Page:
Vinsamlegast notið þetta auðkenni þegar þið vitnið til verksins eða tengið í það: http://hdl.handle.net/1946/29919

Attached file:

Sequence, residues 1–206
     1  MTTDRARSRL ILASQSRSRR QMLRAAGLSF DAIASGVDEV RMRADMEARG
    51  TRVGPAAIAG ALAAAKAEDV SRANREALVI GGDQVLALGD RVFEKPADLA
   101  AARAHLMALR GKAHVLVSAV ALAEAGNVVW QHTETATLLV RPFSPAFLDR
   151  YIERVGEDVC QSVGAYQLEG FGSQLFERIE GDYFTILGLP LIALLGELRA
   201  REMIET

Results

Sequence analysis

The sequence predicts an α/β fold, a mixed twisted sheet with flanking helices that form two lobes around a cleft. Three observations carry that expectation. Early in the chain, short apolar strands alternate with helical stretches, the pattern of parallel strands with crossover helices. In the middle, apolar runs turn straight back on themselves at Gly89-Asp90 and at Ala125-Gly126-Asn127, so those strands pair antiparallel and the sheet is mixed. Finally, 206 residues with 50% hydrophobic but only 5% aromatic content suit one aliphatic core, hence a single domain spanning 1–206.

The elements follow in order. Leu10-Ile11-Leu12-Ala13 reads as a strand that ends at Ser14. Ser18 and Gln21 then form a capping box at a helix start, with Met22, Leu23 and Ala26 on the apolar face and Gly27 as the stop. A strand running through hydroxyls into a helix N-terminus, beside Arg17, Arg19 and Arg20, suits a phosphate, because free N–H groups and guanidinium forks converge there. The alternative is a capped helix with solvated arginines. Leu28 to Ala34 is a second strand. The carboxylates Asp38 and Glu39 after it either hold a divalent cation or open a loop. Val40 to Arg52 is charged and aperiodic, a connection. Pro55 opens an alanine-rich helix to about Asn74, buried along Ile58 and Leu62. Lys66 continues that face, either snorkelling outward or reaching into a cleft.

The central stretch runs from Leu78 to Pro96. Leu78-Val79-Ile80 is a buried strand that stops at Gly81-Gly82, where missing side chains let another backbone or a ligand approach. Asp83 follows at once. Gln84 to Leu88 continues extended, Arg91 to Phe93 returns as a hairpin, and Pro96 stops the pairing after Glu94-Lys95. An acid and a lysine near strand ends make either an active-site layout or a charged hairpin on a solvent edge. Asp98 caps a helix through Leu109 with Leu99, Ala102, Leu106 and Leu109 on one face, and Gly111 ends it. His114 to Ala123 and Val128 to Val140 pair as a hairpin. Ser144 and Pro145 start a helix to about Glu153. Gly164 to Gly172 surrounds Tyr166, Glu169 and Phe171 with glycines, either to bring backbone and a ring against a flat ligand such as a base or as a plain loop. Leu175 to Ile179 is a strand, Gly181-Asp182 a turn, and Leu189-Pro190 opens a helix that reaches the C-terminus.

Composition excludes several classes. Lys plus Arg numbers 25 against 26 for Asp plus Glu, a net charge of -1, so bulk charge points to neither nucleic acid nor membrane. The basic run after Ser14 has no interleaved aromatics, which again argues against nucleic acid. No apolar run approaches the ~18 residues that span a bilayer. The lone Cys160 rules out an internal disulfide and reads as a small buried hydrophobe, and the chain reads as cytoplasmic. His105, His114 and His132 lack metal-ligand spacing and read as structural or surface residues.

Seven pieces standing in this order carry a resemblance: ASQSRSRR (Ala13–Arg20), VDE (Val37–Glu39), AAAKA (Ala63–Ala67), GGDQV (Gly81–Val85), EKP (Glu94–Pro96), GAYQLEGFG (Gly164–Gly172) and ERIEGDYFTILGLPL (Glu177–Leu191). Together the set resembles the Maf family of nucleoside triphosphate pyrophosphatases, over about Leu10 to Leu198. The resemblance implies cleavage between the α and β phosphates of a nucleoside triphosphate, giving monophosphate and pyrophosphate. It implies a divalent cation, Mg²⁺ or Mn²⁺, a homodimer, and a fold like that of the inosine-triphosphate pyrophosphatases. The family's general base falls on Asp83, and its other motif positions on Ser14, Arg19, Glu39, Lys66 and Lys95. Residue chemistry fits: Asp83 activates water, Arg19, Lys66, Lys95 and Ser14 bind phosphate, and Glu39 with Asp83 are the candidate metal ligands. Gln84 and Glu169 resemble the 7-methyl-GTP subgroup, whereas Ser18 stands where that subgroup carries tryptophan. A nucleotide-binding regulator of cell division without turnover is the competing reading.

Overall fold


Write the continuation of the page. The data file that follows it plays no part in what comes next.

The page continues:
The purpose of this essay is to evaluate and assess the established theories behind innateness in first language acquisition. It sets out to explore the basic theories behind Noam Chomsky’s Innateness Hypothesis. This includes an overview of the Language Acquisition Device and its relationship to Universal Grammar. The argument for the theory of Poverty of Stimulus, and an overview of the arguments for the likelihood of an existence of a critical period of language acquisition. The paper primarily focuses on how these established theories support Chomsky’s views that language is an innate structure that children are born with. Furthermore, the essay sets out to evaluate a more recent book by Noam Chomsky and Robert Berwick on the history of language and its initial emergence, as well as its relationship with how human speech has changed over time. Then finally, I give an overview of Charles Yang’s work on computational research based on the formation of productive rules on grammar within first language acquisition. The initial premise of the essay is to evaluate a selection of theories proposed by established linguists that there is an innate structure in human beings that determines how we acquire language the way that we do. The majority of research on this topic seems to agree with nativist theories, although the actual evidence to support these claims is to a certain degree still inadequate. The exception will be the findings by Charles Yang; where others have failed, he has managed to argue persuasively for a computational formula that gives an adequate explanation of how grammar rules are acquired. However, the findings are not indisputable and albeit there is a likelihood of the existence of innate language properties in human beings, the developments at this stage are still in need of much further research.
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